Yes, people want to share discoveries and experiences with others, particularly with their friends, but not necessarily with their "friends" as defined by the social computing service du jour, and, in most cases, emphatically not with that service interjecting itself into the relationship.
A real social computing system would be more ubiquitous than the telephone network, and easier to use than the postal network. It would, at least in principle, include everyone on the planet in one way or another, even those living outside the reach of ground-based communications networks and on the economic fringe, unable to afford a phone much less a computer and a satellite datalink. It would be all about allowing people to connect with the other people with whom they wanted to connect, individually, in groups, and in context, as well as to avoid the whole range of threats and parasites. And, as much as possible, it would get out of the way and allow those connections to play out as naturally as possible.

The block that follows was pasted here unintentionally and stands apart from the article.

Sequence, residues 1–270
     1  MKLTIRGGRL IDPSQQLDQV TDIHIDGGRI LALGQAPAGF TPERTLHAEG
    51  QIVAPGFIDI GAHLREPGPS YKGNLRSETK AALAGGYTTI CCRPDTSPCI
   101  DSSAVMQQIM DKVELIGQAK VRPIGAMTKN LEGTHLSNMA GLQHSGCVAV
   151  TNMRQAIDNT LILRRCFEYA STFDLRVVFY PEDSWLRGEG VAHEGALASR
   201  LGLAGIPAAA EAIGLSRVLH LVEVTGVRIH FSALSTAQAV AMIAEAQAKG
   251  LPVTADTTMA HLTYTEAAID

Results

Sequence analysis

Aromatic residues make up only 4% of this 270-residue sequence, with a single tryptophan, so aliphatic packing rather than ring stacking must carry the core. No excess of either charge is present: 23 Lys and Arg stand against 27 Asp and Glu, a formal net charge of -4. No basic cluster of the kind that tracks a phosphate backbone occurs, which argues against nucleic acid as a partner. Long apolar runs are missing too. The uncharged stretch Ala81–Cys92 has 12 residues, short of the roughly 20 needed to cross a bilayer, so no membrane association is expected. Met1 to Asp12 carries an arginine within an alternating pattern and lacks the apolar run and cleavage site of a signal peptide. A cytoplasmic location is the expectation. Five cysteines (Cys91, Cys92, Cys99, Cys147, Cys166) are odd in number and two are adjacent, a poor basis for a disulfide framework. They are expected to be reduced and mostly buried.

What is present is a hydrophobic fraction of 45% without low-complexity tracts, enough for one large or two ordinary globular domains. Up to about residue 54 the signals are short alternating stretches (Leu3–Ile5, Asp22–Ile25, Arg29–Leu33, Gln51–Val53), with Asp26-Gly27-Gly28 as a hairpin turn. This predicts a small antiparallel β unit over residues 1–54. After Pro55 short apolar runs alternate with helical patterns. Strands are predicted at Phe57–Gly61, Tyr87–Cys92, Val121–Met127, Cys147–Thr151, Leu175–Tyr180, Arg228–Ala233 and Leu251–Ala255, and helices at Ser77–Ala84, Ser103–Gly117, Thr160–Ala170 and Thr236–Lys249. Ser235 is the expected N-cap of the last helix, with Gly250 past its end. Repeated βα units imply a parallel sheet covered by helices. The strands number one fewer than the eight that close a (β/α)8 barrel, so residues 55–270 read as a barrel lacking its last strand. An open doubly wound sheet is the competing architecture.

The closest thing we have to this at the moment is internet mail, which, rather than being a proprietary service, relies upon the interoperability of thousands of services, based on a collection of standard protocols. For all of its inadequacies, email is the best available model.
That's not to say email should or even could serve as the basis for that social computing environment of the future, which is likely to require a fresh start. But as a standards-based experiment in interoperability, it can serve as a starting point for thinking about what might be required.